Éste coche shows a series of cars, a few shiny and polished, but most rusted out. The models suggest that they have been standing still for decades, left for dead on the curb. In the Netherlands, they would all have been given a parking ticket, but in South American streets, cars are allowed to slowly die.
This brief portrait is, because of its preciseness, a good introduction to the travel films of Henri Plaat, because these are no ordinary travel films. They do not describe the route from A to B, and there are no recognizable places or tourist destinations.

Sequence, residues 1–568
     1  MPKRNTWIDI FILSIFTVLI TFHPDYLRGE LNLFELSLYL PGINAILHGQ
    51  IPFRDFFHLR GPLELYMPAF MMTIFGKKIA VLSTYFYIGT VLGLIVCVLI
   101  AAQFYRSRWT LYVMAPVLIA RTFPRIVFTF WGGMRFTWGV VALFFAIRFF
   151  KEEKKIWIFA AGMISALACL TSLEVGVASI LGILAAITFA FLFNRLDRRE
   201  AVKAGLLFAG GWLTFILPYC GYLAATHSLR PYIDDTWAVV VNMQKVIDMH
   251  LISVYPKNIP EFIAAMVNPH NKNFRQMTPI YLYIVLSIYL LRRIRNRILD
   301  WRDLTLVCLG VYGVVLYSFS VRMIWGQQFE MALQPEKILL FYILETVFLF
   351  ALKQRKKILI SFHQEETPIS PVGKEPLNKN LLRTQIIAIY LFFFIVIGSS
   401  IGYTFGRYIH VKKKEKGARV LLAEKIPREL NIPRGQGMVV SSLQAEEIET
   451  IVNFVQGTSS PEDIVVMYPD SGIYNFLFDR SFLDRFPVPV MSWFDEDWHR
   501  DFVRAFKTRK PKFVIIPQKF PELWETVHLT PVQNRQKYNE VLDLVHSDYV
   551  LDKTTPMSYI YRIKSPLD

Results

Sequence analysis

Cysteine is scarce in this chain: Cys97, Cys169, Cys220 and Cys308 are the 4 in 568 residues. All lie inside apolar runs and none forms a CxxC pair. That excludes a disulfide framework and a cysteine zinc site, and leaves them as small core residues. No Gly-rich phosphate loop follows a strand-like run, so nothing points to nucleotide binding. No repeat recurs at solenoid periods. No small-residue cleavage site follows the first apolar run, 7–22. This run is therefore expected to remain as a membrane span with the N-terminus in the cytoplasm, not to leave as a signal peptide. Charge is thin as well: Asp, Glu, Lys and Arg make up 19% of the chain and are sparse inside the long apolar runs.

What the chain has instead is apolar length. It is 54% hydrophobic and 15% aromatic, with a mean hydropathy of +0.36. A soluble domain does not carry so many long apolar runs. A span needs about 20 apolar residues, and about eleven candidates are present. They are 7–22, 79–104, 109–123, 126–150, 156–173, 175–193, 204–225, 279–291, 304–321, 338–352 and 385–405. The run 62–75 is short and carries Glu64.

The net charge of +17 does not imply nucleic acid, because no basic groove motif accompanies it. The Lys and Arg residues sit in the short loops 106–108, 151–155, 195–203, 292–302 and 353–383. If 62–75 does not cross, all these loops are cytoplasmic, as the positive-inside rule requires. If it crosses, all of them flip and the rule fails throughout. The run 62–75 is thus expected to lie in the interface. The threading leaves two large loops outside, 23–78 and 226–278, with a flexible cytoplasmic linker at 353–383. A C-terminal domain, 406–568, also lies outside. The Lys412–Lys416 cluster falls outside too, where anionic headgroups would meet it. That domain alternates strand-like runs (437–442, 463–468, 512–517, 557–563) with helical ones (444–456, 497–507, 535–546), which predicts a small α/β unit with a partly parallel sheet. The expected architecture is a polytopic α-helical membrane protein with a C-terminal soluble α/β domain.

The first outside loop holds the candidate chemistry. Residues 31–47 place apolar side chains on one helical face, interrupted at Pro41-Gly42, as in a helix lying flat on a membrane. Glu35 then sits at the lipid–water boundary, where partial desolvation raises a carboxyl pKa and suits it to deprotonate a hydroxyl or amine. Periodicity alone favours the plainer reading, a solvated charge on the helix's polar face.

The fact that Éste coche was shot in South America can only been deduced by reading the texts on the whitewashed walls, or by listening to the old boleros on the soundtrack. But the exact locations remain unclear, and it does not matter. Henri Plaat’s eye is initially drawn by colour and form, regardless of the object, and regardless of the location. And above all, he is interested in the weathering, abrasive action of the sun, the rain, and the wind; basically, of time. What does time do to those shapes, to those colours? Plaat collects (as the title of one of his films indicates) fragments of decay. That is why he travels to Latin America, or Asia, or the Maghreb: unlike the shiny, always renewed West, in these places you can still see the beauty of peeling paint on a wall, of uncompleted buildings, or rusting cars.